AMITE — The Tangipahoa Parish School Board will seek public input on cost-saving alternatives to the district’s current desegregation plan, including the addition of more magnet programs, redrawing attendance zones and clustering schools, board attorney Bob Hammonds said Monday.
The School Board met in executive session for more than five hours Monday to discuss ways to effectively desegregate the parish’s schools without spending an estimated $54.5 million to build three new elementary schools as required under a court-ordered desegregation plan.
Hammonds and associate attorney Pamela Wescovich Dill will turn the options into a draft outline for a proposal that will then be subject to a public hearing, according to a unanimous vote of the board following executive session.
Hammonds said there is no set timeline for drafting the outline, getting input from stakeholders and seeking approval from U.S. District Judge Ivan L.R. Lemelle, who oversees the district’s 47-year-old desegregation case.
The attorney said he hopes to have a first draft complete before winter break, however, because some School Board members have said they would like to implement whatever plan is agreed upon by the fall of 2013.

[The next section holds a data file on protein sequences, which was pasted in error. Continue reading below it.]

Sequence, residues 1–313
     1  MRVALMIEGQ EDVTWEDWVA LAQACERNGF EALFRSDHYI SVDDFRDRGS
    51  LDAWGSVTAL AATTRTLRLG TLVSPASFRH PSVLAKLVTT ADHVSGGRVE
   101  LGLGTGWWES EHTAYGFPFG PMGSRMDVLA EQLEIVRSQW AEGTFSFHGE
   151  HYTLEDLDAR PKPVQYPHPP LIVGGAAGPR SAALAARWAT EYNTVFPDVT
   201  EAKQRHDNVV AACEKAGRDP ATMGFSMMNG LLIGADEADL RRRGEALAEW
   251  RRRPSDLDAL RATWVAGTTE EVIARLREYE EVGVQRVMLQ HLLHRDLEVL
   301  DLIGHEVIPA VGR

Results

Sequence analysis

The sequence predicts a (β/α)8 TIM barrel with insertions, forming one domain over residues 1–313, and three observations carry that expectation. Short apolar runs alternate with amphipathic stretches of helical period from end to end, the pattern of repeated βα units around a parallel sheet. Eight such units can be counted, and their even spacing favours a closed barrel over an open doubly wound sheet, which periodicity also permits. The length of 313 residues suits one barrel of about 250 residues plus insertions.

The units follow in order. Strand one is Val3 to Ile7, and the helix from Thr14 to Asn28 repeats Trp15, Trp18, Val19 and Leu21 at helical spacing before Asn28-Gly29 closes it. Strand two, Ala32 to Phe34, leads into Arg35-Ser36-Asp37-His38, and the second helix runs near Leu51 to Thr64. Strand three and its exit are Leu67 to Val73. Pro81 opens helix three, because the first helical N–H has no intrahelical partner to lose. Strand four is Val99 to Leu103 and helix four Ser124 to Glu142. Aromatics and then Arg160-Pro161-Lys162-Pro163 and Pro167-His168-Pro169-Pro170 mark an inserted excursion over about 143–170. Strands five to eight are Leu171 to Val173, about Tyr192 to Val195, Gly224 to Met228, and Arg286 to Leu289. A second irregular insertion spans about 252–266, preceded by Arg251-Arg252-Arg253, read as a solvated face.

“It’s a very ambitious timeline, but I wouldn’t say it’s impossible,” Hammonds said.
Board members referred all questions about the proposal to Hammonds, who was generally mum on the specifics. However, he said that the options discussed included adding more magnet programs or “educational enhancements” in parish schools, redrawing attendance zones, and pairing or clustering schools by grade levels.
Board member Brett Duncan said last week the board was considering creating regional attendance zones in which parents would have multiple options, including at least one magnet program, for schools in which to enroll their children.
The board’s goal, Hammonds said, is to put together a tentative proposal in order to elicit comments from the public.
“Sometimes I find if you go to a community without a plan and just say, ‘Tell us what you think,’ you get silence,” he said. “The outline will be something to begin from. It’s intended to be ‘a’ plan, not ‘the’ plan.”
Board member Sandra Bailey Simmons said following Monday’s vote that the board wants the public to be involved in this process.
“We do want to hear from them and what they think the alternatives should be,” Simmons said. “That might make a difference.”
The push for changes to the district’s current desegregation plan comes amid discussions about a projected system deficit of $12 million for 2013-14.
System officials previously had expected a $10 million shortfall next year, but recently learned that another increase in state-mandated retirement contributions will add $1.9 million to that burden.
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